This is how Portland manages to get their routes done so quickly and which is why in the time that Central Link has been under construction, Portland opened 2 new light rail lines (Green Line and Portland Mall) completed major track work and 2 streetcar extensions. As it is, Portland will complete the Orange line to Milwaukie and the entire Portland Streetcar loop before U-Link will open.

        Of course, Portland and the State of Oregon are much more rail friendly than Washington State and the Seattle region.

      2. Though, the Orange/Yellow Extension Line are much more simple and the ROW is fairly flat. They have to build a bridge, but its a 2-lane, cable stay bridge which is a piece of cake to build, even with trains (LRV’s are pretty light in the spectrum of things). Imagine the extensions they’ll have under way when the Orange/Yellow Line is complete!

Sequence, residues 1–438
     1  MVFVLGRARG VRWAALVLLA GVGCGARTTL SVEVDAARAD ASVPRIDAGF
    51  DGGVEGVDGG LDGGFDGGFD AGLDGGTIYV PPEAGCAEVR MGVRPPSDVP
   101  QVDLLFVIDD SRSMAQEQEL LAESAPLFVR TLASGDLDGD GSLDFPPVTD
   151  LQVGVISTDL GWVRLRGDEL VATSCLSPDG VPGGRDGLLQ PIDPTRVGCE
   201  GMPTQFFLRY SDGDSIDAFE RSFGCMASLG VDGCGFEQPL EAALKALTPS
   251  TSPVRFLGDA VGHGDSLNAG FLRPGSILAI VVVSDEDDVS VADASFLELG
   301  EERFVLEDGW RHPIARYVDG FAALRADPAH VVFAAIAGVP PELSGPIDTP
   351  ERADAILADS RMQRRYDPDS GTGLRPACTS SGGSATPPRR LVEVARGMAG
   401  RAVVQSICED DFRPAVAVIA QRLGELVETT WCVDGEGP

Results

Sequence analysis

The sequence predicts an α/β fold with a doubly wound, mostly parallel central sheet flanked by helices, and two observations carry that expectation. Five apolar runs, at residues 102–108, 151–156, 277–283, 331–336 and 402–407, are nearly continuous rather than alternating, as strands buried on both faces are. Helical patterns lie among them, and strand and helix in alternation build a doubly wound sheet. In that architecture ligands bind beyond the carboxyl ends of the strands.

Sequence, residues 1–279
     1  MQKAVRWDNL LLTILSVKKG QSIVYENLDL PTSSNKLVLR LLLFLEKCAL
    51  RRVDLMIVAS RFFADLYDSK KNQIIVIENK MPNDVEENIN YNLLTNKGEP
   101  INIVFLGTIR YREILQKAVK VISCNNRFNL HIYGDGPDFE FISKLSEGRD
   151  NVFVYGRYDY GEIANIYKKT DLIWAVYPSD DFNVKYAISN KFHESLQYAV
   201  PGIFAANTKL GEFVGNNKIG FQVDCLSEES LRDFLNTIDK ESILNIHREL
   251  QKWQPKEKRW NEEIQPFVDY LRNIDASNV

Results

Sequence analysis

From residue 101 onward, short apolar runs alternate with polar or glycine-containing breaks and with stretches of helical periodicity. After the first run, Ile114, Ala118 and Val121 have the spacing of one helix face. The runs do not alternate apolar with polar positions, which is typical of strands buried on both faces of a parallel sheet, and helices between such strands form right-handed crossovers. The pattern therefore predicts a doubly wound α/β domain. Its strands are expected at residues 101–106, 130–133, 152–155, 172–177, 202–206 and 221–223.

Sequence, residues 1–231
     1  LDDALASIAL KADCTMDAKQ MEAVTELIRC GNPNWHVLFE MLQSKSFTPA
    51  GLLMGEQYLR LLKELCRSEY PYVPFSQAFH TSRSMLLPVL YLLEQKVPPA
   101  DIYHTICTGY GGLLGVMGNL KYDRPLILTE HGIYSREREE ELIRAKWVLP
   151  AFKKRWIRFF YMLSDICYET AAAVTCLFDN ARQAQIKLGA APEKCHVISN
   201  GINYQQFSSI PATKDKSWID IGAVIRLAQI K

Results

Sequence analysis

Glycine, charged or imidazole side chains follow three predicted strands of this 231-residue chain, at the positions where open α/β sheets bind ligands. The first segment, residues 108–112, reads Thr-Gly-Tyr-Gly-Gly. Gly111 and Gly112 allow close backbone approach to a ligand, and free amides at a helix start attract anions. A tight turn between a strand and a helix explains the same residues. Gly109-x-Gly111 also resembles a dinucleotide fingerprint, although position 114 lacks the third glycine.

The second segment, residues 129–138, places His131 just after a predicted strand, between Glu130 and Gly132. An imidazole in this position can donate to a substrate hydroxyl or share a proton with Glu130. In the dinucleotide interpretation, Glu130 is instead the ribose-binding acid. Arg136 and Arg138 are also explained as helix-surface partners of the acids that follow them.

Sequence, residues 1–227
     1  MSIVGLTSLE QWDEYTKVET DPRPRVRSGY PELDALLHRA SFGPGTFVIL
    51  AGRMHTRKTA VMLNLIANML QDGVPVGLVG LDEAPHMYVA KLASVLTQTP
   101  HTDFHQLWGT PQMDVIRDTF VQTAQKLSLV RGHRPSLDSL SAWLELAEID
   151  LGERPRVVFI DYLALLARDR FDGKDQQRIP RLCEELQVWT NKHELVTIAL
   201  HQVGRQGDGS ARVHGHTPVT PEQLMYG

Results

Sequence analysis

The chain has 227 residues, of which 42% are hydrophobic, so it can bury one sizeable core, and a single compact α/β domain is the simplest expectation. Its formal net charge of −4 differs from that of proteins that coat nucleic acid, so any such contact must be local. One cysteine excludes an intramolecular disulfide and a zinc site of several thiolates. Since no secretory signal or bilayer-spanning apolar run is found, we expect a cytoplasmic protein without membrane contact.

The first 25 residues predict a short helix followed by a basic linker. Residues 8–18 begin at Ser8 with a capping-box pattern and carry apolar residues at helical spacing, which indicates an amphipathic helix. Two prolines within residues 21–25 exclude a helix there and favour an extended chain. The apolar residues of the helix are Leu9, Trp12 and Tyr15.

Compare that to two deep, curvy, steep tunnels and 2 massive underground cathedrals. And trying to make the UW happy with tons of goodies.

        BUT, Portland is still cooler than us.

      3. Anyone know what the skybridge cost and what that would be in today’s dollars? I’m curious because a similar scale structure would be needed to get rail to West Seattle.

      4. Ben,
        That late? With U Link I’m hoping Portland can be passed sooner. By 2020 I hope Link passes SF Muni. With all of their expansion plans including 2 lines under construction LA will probably stay ahead of Seattle.